The Josef Ressel Center for Unified Threat Intelligence on Targeted Attacks (TARGET) is a research institution operated by the St. Pölten University of Applied Sciences. TARGET is funded by the Christian Doppler Forschungsgesellschaft (CDG) and a number of industry partners.
The mission of the center is to explore novel techniques for detecting and mitigating targeted attacks. The research objective is to develop a unified methodology for the detection and mitigation of this new class of cyber-threats.
Advanced and Targeted Attacks
In recent years, a new generation of threats has emerged. Advanced Persistent Threats (APTs) as well as Advanced Targeted Attacks (ATAs) can be characterized as highly targeted to one specific entity. These types of attacks are driven by different motivations and often cause significantly more damage than bulk attacks; often they are performed for espionage or sabotage and are orchestrated by experts. Several cases in recent history have shown that targeted attacks are sometimes able to perform their malicious activity undiscovered by their victims for many months or even years. The prime example, Stuxnet, which targeted PLCs (programmable logic controller) of sensitive industrial systems, was active for at least 3 years until discovery. It has to be concluded that today’s threat mitigation strategies are not effective against targeted attacks that are increasingly affecting less prominent targets (e.g. industrial espionage targeting smaller companies).
Our research is split into two topical modules. In Module 1, the system layer is researched in partnership with IKARUS Security Software. While today’s malware detection systems analyze files independently from each other and also separately from the underlying system, we aim at developing threat intelligence methodologies that observe the system as a whole and apply formal modeling in conjuncture with the collection, processing and analysis of system state information. The concept of end-point visibility will provide a significantly better understanding of a system’s present – and even more importantly – past state than existing approaches.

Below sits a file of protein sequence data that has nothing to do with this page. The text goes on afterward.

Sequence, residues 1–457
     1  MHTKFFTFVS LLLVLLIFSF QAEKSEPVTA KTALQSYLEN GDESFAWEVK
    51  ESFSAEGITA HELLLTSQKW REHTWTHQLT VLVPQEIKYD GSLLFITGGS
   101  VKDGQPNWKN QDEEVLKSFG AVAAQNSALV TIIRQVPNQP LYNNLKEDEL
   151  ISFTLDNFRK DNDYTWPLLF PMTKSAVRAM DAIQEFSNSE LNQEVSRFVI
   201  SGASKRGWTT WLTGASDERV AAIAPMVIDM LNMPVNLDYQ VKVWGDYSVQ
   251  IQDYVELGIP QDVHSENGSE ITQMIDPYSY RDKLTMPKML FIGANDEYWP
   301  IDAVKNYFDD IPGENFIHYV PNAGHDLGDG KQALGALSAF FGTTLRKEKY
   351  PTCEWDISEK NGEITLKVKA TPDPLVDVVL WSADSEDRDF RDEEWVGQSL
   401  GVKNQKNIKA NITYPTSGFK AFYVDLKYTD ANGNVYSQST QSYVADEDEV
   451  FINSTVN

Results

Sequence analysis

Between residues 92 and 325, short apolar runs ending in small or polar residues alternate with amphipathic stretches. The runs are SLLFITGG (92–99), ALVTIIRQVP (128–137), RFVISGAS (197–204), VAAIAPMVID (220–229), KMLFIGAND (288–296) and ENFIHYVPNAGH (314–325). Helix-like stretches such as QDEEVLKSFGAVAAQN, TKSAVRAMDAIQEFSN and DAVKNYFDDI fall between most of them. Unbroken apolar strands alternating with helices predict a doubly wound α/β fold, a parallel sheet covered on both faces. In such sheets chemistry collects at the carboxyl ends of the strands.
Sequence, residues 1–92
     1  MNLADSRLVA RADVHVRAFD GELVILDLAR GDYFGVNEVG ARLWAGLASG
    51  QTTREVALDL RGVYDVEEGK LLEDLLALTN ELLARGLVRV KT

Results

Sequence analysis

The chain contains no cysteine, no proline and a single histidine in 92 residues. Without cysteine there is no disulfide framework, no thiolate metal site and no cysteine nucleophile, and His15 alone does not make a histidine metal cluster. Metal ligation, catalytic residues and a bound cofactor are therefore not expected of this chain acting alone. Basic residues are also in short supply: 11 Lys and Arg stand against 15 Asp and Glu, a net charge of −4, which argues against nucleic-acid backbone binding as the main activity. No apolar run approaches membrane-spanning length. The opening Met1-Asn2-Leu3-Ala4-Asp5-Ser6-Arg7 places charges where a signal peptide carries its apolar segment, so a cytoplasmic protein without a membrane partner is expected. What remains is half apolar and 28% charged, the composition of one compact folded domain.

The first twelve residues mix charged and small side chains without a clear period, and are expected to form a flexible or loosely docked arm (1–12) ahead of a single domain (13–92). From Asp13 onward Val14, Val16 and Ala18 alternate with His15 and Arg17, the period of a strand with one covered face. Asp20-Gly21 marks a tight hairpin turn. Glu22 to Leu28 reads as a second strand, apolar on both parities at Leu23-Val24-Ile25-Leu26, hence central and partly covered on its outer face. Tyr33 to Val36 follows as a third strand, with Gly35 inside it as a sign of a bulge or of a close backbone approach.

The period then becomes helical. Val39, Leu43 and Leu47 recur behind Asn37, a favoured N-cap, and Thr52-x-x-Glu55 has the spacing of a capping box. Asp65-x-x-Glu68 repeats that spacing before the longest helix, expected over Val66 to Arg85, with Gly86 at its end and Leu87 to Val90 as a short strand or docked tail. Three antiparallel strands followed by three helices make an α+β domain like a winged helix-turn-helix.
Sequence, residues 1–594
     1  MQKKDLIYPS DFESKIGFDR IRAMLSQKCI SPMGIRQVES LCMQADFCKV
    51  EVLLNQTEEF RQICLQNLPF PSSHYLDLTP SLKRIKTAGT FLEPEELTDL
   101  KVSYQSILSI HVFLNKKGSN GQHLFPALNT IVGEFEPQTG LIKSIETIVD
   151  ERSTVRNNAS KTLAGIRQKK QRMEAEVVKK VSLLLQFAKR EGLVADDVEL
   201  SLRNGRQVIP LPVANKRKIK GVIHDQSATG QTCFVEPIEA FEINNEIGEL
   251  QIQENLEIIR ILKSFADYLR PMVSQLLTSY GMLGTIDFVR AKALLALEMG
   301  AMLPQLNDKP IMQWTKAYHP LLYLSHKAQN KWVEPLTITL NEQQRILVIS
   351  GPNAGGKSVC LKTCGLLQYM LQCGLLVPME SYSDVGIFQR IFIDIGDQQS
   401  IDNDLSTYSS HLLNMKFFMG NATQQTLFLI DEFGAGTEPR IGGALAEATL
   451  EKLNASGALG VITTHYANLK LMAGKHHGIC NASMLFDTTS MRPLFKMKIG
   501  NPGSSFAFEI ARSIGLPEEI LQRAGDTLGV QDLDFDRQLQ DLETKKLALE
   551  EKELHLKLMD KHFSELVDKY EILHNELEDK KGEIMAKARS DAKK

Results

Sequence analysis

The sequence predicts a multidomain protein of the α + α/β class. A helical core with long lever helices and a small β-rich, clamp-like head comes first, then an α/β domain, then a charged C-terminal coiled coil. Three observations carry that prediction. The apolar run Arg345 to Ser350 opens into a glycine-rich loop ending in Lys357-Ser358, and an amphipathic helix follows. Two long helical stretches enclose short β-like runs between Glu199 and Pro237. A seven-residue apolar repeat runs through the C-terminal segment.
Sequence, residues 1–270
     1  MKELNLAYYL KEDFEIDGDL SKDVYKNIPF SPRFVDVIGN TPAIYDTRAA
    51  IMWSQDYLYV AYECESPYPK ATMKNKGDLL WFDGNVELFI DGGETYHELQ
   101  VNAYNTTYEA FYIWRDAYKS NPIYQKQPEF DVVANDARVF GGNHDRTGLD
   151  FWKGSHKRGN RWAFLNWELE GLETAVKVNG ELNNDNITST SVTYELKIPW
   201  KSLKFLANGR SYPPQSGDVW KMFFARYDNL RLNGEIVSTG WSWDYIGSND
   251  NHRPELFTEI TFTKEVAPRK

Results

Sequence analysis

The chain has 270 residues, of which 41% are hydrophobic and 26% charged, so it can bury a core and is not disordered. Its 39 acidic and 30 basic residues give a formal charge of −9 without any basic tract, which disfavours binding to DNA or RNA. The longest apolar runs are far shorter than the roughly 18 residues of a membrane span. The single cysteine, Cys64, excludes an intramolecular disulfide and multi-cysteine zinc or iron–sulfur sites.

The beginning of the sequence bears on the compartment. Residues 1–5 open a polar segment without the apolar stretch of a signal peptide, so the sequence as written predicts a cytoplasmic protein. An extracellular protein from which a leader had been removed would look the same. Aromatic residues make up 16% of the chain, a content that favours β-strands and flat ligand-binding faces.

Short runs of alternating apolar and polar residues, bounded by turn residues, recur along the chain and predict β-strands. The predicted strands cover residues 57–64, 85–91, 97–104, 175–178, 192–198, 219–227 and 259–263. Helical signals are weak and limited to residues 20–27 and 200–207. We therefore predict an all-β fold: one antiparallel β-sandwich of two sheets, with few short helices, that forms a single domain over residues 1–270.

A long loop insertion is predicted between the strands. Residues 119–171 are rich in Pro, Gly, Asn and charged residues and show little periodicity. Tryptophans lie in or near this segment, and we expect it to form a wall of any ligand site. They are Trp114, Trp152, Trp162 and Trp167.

In the second module, which will be pursued together with the industry partner CyberTrap, we focus on the software layer. Purposefully placed hidden functionality and code vulnerabilities play an increasingly important role in targeted attack scenarios – especially as an attack’s entry point. However, as several cases in recent history have shown, today’s code analysis technologies are weak against this type of attacks. We aim at developing novel methods for the identification of hidden functionality in software based on concepts from current malware detection research. We further want to analyze the suitability of honeypots for zero-day exploit detection.
Research on these layers will, in combination, form a methodology for unified threat intelligence on targeted attacks. The developed methods will provide pioneering Austrian companies in the area of IT security with the foundations for innovative product development for the next decade. The JR center TARGET will thus contribute to a sustaining competitiveness of Austria’s leading companies in the information security market.